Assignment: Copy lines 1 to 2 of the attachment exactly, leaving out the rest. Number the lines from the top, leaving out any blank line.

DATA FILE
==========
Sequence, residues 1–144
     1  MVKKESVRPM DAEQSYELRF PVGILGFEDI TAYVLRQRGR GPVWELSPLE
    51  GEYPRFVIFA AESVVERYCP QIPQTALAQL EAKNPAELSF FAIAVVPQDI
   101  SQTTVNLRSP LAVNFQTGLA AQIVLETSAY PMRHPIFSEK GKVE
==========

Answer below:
Sequence, residues 1–144
     1  MVKKESVRPM DAEQSYELRF PVGILGFEDI TAYVLRQRGR GPVWELSPLE